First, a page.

California teens may get to sleep a bit later before heading to school, if the governor signs a bill requiring middle and high schools to start no earlier than 8:30 a.m. But not everyone agrees that allowing the legislature to dictate the starting times of local schools is good policy.
Middle and high school students in California start their school day on average at 8:07 a.m. according to a study by the Centers for Disease Control and Prevention, a time that researchers say denies them badly needed sleep.
The bill’s passage by the full Legislature on Aug. 31 came as a surprise, after it failed in the Assembly last year. But supporters flooded legislators with emails this year, driving home the point that research shows most teens are unable to go to sleep early due to changes in their biological clocks and that sleep deprivation leads to absenteeism, lower grades, higher dropout rates and depression.
Critics of the change are appealing to Brown’s support for local control — letting school districts decide for themselves how to run their schools. This group includes education heavyweights such as the California School Boards Association, the California Teachers Association, California Association of School Business Officials, Association of California School Administrators, the California Association of Suburban Schools and the Kern County and Riverside County offices of education.
California Teachers Association President Eric Heins said his union opposes a “one size fits all” solution imposed by the state, which could result in “unintended consequences” affecting transportation costs, employee contracts, cafeteria service and class schedules.
“We don’t know all the impact it’s going to have on any community,” he said. “There are a lot of different ripple effects of this.”.
One ripple effect is the need to renegotiate working hours in many districts for teachers and other employees, such as bus drivers, affected by the later start times.
The teachers union has sent a veto request to the governor and expects many of its members to also appeal to Brown “to continue in his mission” of support for local control that he brought to California, said spokeswoman Claudia Briggs. Brown championed the Local Control Funding Formula, which gives school districts greater decision-making over use of state funds, as well as extra funds to educate low-income, English learner, foster children and homeless children.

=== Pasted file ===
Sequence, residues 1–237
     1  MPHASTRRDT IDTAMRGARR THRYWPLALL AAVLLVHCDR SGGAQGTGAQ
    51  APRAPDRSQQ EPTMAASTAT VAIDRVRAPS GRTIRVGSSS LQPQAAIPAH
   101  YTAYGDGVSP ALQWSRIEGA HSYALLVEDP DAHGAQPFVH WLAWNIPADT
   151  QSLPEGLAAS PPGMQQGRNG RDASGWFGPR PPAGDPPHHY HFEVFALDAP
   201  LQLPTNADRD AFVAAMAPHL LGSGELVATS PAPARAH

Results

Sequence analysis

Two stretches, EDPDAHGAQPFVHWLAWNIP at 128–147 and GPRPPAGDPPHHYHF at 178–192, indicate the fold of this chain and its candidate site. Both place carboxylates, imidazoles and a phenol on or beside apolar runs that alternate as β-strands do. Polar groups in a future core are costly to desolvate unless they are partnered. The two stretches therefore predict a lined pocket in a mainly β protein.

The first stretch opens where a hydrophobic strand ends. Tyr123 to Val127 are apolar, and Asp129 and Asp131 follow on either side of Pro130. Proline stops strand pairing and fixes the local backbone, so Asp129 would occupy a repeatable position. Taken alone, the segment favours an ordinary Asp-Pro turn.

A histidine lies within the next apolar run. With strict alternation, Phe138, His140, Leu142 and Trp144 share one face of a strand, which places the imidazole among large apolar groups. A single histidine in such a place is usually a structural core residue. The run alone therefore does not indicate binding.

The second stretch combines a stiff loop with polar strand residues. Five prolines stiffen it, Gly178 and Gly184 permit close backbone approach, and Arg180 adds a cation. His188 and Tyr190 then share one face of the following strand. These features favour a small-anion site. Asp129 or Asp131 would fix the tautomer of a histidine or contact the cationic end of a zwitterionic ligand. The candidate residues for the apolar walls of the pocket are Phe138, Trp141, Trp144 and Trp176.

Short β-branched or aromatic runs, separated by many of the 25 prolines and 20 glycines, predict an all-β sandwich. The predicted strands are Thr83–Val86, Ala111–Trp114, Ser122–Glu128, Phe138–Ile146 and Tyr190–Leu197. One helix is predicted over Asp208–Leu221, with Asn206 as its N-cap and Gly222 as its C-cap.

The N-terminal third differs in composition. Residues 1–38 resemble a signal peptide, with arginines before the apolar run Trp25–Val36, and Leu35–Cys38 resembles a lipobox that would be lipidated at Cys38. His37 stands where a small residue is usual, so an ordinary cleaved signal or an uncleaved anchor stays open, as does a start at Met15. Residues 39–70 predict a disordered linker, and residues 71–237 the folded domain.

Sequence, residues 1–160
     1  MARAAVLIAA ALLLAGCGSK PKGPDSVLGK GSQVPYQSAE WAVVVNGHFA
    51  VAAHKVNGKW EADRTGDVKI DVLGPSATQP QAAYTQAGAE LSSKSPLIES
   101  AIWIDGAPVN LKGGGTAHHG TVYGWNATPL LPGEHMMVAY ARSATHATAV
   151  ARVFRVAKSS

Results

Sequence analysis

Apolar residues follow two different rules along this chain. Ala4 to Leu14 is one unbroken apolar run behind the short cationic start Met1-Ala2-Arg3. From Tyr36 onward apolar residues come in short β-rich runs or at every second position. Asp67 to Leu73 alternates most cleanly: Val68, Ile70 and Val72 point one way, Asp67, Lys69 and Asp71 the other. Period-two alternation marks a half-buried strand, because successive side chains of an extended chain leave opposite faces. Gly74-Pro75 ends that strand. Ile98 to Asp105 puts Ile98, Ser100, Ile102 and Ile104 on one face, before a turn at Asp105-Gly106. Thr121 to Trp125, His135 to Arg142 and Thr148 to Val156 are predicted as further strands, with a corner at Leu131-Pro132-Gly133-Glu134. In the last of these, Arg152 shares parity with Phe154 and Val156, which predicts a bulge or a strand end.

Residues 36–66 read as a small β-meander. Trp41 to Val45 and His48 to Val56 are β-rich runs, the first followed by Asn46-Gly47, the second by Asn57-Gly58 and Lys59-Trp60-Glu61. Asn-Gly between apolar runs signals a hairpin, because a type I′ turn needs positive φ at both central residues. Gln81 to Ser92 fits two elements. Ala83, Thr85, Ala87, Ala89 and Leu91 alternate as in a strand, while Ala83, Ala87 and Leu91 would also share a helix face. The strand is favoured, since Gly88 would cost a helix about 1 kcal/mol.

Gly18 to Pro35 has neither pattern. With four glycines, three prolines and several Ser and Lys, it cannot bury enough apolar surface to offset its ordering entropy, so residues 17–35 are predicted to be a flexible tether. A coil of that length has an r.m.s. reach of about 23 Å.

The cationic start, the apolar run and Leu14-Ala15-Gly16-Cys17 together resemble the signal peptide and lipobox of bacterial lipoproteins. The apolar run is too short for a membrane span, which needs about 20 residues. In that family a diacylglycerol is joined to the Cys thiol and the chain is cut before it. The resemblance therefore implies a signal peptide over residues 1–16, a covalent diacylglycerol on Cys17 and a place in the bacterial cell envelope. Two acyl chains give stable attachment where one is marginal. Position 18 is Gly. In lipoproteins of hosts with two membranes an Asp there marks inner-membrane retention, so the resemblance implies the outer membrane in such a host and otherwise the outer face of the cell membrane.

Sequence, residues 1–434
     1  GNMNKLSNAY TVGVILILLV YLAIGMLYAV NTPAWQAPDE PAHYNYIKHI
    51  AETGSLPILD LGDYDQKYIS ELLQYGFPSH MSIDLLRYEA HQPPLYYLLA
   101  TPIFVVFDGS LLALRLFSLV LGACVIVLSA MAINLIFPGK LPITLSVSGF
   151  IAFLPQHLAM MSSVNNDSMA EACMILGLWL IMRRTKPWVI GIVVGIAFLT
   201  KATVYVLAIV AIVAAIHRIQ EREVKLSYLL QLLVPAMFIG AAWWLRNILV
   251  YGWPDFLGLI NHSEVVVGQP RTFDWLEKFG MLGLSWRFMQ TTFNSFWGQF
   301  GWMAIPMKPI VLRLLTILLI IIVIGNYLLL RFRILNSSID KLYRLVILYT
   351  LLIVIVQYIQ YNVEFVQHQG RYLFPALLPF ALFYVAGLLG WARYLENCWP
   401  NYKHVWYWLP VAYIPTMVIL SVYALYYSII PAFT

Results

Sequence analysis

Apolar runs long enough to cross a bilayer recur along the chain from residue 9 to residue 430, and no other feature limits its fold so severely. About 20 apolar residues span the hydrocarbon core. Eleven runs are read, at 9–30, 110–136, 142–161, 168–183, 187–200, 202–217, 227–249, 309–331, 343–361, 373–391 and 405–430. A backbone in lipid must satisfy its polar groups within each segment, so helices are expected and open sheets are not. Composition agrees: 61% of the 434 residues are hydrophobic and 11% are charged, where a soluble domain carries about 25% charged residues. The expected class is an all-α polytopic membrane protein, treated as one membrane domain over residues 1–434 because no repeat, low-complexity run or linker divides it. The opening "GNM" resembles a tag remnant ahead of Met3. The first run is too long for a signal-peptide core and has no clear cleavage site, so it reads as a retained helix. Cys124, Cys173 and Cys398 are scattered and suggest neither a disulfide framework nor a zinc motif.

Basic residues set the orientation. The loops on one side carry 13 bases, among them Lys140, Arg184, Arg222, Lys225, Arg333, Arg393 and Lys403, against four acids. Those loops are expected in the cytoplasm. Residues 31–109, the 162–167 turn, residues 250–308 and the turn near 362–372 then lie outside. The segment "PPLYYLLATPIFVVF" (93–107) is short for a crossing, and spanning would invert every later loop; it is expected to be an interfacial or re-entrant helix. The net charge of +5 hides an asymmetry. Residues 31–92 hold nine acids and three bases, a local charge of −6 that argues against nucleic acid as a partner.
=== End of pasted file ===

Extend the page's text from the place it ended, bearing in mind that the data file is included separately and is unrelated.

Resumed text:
But, teachers unions are split on this issue. The California Federation of Teachers backs the bill joining other groups that support medical research showing that teens have difficulty falling asleep early in the evening and functioning well in the morning.
Brown, who has not said whether he will support the bill, has until the end of the month to sign or veto it.
In the meantime, both supporters and opponents are sending letters and making phone calls to the governor’s office in an attempt to influence his decision.
Supporters are tweeting the governor’s contact information and urging others who share their concerns to advocate for his signature on the bill, while those opposed to the bill are also ramping up communications to the governor’s office.
#StartSchoolLater supporters please feel free to drop @JerryBrownGov a note here to sign #SB328 to stick with doctors’ recs and protect teen health with 8:30 or later secondary school start times. https://t.co/NMbXIrnHPe
— Mariah Baughn MD (@mariahbaughn) September 4, 2018
“It is fundamental to put the well-being of our students first and I am glad that this important measure is moving forward,” said state Sen. Anthony Portantino, D–La Cañada Flintridge, after SB 328, which he authored, passed the Assembly. “The science and results are clear — our teens are healthier and perform better when school starts later.”
Opponents don’t dispute the research, but maintain it should be up to local school boards to assess their community’s needs. Jeffrey Vaca, chief governmental relations officer for the Riverside County Office of Education, sent a letter to the governor on Tuesday outlining concerns about the bill including transportation costs and the lack of a clear definition of rural districts. He was part of a coalition of nine education groups that sent a memo raising similar issues to assembly members last week.
Vaca said Wednesday that he was hopeful the governor’s general support of local control would be an important consideration as Brown evaluates the proposed law.
“I think it’s fair to say that during his time in office, he’s been very consistent about wanting decisions regarding school districts to be made at the local level,” Vaca said. “But I also know that he will be very interested in looking at all the research.”
The California School Boards Association intends to send a veto request to the governor by the end of the week, said Nancy Chaires Espinoza, legislative advocate for CSBA. Like other opponents, she’s hoping Brown will weigh local control in his decision, along with transportation costs and the safety of students walking or biking to school during rush hour.
“I think the governor is going to thoughtfully consider all of the arguments for and against,” she said. “We hope our members will help us explain why this intervention of later school times can be good in some places, but it’s not going to be necessarily good in all communities.”
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